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Back in March 2022, every major automaker was coming out with their new electric vehicle (EV) plans for 2030. Stellantis, Hyundai Motor and Kia Corp, the Renault-Nissan-Mitsubishi Alliance, they were all talking business strategies for the rest of the decade. Now, just over a month later, and it seems like automakers are already making heavy investments into new facilities and production plants to supply their upcoming electrified lineups. Namely, Stellantis and Hyundai Motor Co are making deals and signing partnerships to dominate the EV market.
New EV Facility for Stellantis
Near the end of May 2022, Stellantis and Samsung SDI agreed to build a new EV battery facility in the U.S. With a lot of facilities and plants being put to work in Canada, it’s time for the U.S. to get its own home base. In March 2022, Stellantis has revealed its Dare Forward 2030 business strategy, with plans to release more than 75 battery-electric vehicles (BEVs) over the next eight years. With sixteen brands under the umbrella, the variety sounds expansive. Only 25 of those will make it to the American market, however.
The new partnership between Stellantis and Samsung will support the design and production of this all-new BEV lineup by building a new electric-vehicle battery manufacturing facility, set for construction in Kokomo, Indiana. Starting with an investment of more than $2.5 billion, the two parties intend to gradually invest more into operations over time up to $3.1 billion. With construction starting within the next year or two, the production plant has a goal of capacity of 23 gigawatt-hours (GWh) for the initial annual production in 2025, gradually increasing to 33 GWh over the next few years. The end goal is to have more than 50-percent BEV sales in North America.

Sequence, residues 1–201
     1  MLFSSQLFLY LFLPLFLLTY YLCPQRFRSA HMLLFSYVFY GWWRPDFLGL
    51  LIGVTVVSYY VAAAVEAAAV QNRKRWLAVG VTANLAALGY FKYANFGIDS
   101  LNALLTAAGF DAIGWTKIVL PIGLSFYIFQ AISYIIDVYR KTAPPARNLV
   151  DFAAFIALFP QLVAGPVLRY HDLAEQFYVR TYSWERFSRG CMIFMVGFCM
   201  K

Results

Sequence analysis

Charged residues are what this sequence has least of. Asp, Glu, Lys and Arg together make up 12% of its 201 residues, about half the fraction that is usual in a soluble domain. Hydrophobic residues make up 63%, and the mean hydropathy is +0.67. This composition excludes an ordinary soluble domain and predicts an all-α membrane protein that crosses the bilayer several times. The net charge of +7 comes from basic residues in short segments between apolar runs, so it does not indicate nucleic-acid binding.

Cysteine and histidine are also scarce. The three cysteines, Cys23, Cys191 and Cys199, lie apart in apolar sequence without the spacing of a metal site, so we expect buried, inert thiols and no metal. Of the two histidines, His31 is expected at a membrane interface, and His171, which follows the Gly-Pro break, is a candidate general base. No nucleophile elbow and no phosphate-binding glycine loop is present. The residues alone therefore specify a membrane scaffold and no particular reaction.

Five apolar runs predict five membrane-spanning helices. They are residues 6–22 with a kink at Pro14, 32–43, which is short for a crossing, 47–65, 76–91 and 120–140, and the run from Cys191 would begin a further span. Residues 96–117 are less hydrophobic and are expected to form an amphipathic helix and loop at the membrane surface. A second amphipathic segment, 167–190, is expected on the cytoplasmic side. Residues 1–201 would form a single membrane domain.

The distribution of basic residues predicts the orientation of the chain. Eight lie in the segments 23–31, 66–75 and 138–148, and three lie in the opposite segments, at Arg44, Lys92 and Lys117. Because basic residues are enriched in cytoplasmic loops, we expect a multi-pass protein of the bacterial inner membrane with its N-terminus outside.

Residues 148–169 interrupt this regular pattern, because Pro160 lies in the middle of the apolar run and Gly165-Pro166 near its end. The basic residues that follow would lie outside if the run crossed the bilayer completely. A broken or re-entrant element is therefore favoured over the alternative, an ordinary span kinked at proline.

Hyundai Motor Co and the Two-Fork Path
The same strategy can be seen with the Hyundai Motor Co (HMG), shaking hands with Joe Biden in Seoul, South Korea, securing a strong partnership with U.S. public and private entities going forward. With EV sales going up, and BEVs becoming a growing group in the automotive market, Kia Corp, and its parent group the Hyundai Motor Co, saw an increase of 132-percent in EV electrified model sales – this includes plug-in hybrid electric vehicles (PHEVs). Nevertheless, more than 100-percent revenue is a great way to invest in future production, and that’s exactly what the automotive group is doing, investing $ 5.54 billion plan to establish its first dedicated U.S. EV and battery manufacturing facility in the State of Georgia. Like Stellantis, HMG has plans to start operations by 2023, with an annual capacity of 300,000 units in 2025, gradually increasing production over the next several years.
Back in 2020, Kia Corp (then Kia Motors) released its Plan S Strategy, a roadmap for adding 11 electric vehicles (EVs) to the lineup by 2025 and obtain a 6.6-percent global EV market share. The second path was starting the production of purpose-built vehicles (PBVs). The automaker’s very first PBV, Kia Niro Plus, a robotaxi, is already in service overseas, and following through with research and production, Kia recently announced the construction of a PBV facility, E-FOREST. We’re seeing a pattern here, because the target goal of E-FOREST is 100,000 PBVs a year for production, increasing over the years as the facility grows to 150,000 units annually. Construction is set for 2023, with production starting in 2025.
It feels like these large automotive groups are following the same playbook. Who will win the final battle for the EV global market? Will it be Stellantis or HMG? Follow along on NowCar social media.